Alloimmune Activation Enhances Innate Tissue Inflammation/Injury in a Mouse Model of Liver Ischemia/Reperfusion Injury

Authors

  • X. Shen,

    1. Dumont-UCLA Transplant Center, Department of Surgery, David Geffen School of Medicine-University of California at Los Angeles, Los Angeles, CA
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  • F. Reng,

    1. Dumont-UCLA Transplant Center, Department of Surgery, David Geffen School of Medicine-University of California at Los Angeles, Los Angeles, CA
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  • F. Gao,

    1. Dumont-UCLA Transplant Center, Department of Surgery, David Geffen School of Medicine-University of California at Los Angeles, Los Angeles, CA
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  • Y. Uchida,

    1. Dumont-UCLA Transplant Center, Department of Surgery, David Geffen School of Medicine-University of California at Los Angeles, Los Angeles, CA
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  • R. W. Busuttil,

    1. Dumont-UCLA Transplant Center, Department of Surgery, David Geffen School of Medicine-University of California at Los Angeles, Los Angeles, CA
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  • J. W. Kupiec-Weglinski,

    1. Dumont-UCLA Transplant Center, Department of Surgery, David Geffen School of Medicine-University of California at Los Angeles, Los Angeles, CA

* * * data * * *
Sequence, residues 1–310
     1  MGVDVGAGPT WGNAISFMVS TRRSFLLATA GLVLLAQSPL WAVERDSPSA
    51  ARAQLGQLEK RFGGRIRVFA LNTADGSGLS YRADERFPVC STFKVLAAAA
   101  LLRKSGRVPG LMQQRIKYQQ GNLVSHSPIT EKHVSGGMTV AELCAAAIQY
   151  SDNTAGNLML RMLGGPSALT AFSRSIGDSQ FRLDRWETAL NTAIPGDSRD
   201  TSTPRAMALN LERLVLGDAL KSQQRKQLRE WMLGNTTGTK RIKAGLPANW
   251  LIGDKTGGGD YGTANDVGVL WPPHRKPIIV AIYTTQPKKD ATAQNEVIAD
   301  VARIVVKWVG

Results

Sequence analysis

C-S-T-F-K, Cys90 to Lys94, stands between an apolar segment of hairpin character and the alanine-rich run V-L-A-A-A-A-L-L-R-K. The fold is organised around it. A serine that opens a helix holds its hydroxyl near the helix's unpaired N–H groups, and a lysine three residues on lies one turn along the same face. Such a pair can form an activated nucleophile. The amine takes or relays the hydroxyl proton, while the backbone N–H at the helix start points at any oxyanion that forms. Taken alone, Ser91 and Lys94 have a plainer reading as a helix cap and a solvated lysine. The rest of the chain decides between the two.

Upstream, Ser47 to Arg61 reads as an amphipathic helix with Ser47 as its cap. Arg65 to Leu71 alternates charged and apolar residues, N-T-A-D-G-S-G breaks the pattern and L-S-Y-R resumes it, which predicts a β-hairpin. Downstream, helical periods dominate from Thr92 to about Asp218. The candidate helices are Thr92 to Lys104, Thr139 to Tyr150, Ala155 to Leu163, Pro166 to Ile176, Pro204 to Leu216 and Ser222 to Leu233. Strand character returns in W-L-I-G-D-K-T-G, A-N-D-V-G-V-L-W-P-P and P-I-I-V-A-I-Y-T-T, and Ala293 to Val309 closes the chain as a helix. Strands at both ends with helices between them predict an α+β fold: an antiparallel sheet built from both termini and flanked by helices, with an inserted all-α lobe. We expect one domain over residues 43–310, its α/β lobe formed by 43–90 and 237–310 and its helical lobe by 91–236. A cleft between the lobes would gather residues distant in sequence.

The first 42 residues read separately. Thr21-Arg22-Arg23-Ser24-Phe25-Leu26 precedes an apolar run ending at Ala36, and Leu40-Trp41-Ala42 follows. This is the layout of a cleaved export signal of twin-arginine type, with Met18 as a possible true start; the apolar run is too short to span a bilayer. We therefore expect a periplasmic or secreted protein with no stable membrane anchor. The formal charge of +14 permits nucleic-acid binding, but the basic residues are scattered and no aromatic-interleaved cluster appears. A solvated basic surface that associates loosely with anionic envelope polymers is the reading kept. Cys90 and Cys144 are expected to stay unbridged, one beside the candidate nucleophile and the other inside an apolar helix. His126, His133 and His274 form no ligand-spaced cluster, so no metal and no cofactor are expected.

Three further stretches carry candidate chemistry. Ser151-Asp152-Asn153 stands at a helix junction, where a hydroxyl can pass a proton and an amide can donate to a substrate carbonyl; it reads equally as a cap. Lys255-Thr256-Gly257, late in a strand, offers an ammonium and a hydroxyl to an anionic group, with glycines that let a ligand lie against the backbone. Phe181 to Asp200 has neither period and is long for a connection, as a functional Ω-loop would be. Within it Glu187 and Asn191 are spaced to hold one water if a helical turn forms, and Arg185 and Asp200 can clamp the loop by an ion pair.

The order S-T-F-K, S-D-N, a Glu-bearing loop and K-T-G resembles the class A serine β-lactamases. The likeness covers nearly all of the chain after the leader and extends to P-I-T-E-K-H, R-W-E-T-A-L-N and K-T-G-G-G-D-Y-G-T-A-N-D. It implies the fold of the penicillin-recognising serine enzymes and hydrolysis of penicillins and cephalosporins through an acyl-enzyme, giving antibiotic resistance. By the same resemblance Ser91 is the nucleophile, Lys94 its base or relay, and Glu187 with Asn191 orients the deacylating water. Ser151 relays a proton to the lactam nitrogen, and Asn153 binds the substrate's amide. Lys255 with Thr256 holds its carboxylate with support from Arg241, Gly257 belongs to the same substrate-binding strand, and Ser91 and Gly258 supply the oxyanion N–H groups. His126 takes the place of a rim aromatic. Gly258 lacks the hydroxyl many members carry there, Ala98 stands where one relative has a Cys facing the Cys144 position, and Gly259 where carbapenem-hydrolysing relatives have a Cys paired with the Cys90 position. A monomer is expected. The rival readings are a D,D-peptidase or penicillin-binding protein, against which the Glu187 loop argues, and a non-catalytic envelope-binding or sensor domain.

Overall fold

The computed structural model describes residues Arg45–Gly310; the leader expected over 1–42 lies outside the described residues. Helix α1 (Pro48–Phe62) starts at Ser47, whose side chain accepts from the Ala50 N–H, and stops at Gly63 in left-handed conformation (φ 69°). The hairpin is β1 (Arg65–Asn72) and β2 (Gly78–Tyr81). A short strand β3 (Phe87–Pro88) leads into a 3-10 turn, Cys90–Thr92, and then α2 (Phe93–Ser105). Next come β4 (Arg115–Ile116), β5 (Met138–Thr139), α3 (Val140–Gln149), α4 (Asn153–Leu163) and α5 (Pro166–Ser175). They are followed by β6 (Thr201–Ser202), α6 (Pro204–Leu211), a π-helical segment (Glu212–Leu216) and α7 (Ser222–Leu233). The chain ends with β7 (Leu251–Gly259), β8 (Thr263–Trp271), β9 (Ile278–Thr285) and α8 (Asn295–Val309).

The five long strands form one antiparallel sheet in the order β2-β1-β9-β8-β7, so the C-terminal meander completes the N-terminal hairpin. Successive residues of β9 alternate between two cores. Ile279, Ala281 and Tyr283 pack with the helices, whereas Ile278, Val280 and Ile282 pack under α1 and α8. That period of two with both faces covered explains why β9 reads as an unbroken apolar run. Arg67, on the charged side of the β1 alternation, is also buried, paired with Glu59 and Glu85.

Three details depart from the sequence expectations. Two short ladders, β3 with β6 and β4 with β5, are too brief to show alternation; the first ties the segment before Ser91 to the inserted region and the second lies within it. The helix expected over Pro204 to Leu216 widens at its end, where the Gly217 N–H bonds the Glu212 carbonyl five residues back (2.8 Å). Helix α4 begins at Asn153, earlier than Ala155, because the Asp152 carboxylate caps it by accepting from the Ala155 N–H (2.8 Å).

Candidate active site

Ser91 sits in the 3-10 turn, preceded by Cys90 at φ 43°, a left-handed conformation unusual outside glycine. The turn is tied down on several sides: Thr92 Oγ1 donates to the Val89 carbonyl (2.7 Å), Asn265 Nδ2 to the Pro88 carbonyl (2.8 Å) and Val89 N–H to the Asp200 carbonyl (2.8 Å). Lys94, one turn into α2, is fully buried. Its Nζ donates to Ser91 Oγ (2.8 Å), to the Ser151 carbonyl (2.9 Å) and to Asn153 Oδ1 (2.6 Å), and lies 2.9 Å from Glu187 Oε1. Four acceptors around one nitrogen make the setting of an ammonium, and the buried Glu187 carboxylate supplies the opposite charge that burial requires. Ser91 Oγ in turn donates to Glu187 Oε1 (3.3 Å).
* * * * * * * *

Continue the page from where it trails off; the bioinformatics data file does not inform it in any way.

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  • Y. Zhai

    Corresponding author
    1. Dumont-UCLA Transplant Center, Department of Surgery, David Geffen School of Medicine-University of California at Los Angeles, Los Angeles, CA
      Corresponding author: Yuan Zhai, yzhai@mednet.ucla.edu
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Corresponding author: Yuan Zhai, yzhai@mednet.ucla.edu

Abstract

The deleterious sensitization to donor MHC Ags represents one of the most challenging problems in clinical organ transplantation. Although the role of effector/memory T cells in the rejection cascade has been extensively studied, it remains unknown whether and how these ‘Ag-specific’ cells influence host innate immunity, such as tissue inflammation associated with ischemia and reperfusion injury (IRI). In this study, we analyzed how allogeneic skin transplant (Tx) affected the sequel of host's own liver damage induced by partial warm ischemia and reperfusion. Our data clearly showed that allo-Tx recipients had increased inflammatory response against IR insult in their native livers, as evidenced by significantly more severe hepatocelluar damage, compared with syngeneic Tx recipient controls, and determined by serum ALT levels, liver histology (Suzuki's score) and intrahepatic proinflammatory gene inductions (TNF-α, IL-1β and CXCL10). The CD4 T cells, but neither CD8 nor NK cells, mediated the detrimental effect of allo-Ag sensitization in liver IRI. Furthermore, CD154, but not IFN-γ, was the key mechanism in allo-Tx recipients to facilitate IR-triggered liver damage. These results provide new evidence that alloreactive CD4 T cells are capable of enhancing innate tissue inflammation and organ injury via an Ag-nonspecific CD154-dependent but IFN-γ independent mechanism.

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